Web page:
A: Every ER shares your frustration. A study reported in the Journal of Emergency Nursing describes a similar issue at a hospital like yours where the authors, all nurses, investigated the lab's claim that they were hemolyzing specimens during collection in the ER. The nurses didn't believe they were responsible and conducted their own study to prove it. The results showed the lab was right: their draws were more hemolyzed than laboratory phlebotomists' draws.
Don’t be overly critical of the nurses, however. In the ER, everything has to happen quickly, and they give a priority to expediency. That’s the driving force behind draws during an IV start. Unfortunately, such expediency is at odds with a good specimen, which is the laboratory’s priority. Understanding the difference in priorities is key to working together. Try explaining how draws during IV starts can be more detrimental to the patient than beneficial, especially when the diagnosis and treatment are delayed because of a hemolyzed specimen that has to be recollected by venipuncture.
As for blood culture contamination, the same force is at work. Reinforce that whether the antiseptic is iodine or chlorhexidine, it requires at least 30 seconds of contact in order to decontaminate the site. Expediency here cuts that time short and you end up with skin flora growing inside the culture bottles and presenting a misperception of the patient’s condition.
Each month, PT--STAT! will publish one of the hundreds of phlebotomy FAQs in the growing database of questions and answers available in Phlebotomy Central, the members-only section of the Center for Phlebotomy Education's website, exclusive to Phlebotomy Today® Premium subscribers. For information on joining Phlebotomy Central, visit www.phlebotomy.com/PhlebotomyCentral.html.
Our latest survey asked Phlebotomy Today STAT! readers: What tricks and techniques have you developed to help you draw blood that aren't in the books? Responses include the following:
This month’s survey question: Does your facility provide outpatients with an identification band prior to a blood draw?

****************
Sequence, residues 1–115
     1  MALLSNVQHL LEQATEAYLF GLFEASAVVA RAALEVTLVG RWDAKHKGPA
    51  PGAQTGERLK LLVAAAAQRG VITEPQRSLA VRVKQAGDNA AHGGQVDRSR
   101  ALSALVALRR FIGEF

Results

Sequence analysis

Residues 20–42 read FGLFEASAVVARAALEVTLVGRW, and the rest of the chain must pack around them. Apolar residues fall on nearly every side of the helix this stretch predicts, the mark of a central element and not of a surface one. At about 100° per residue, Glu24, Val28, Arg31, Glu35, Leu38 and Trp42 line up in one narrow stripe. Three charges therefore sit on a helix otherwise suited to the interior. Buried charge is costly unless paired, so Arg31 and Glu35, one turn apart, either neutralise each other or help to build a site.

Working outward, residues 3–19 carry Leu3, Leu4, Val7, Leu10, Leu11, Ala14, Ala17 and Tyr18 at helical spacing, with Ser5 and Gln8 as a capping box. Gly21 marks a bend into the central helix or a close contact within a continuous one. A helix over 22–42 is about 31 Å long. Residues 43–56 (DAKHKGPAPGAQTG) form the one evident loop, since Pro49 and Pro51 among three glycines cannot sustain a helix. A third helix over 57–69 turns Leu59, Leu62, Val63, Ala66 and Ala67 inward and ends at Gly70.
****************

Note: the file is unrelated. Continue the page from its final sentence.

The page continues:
What Would You Do?
Each month, What Would You Do? presents a different case study, then asks readers to contribute their ideas as to how each situation would best be handled. The following month, selected responses will be chosen by the editor and published (sender will be identified by first name and state only). The most accurate, well written response will receive a free download from the Center for Phlebotomy Education’s To the Point® library of articles. The exercise will conclude with a review of the selected submissions and a discussion of the standards pertinent to the case study.
Surprisingly, this scenario was not uncommonly encountered by those who responded. Reactions varied widely. Thirty-three percent said they would report the snoozing employee to their supervisor. Sixteen percent would issue their coworker a warning, and report a second offense. Another sixteen percent said they'd find someone else to shadow. One respondent admitted that taking a nap was permitted where they used to work. Some comments:
Phyllis H. of Colorado tells how she handled this very situation successfully.
"I have actually encountered this situation. My first reaction was to check on my fellow worker to make sure they were feeling okay. After determining that my coworker was fine, I politely explained that this is an unacceptable behavior and we had responsibility and accountability. I would not tolerate this behavior and report it to a supervisor if it occurred again. It worked well and never happened again."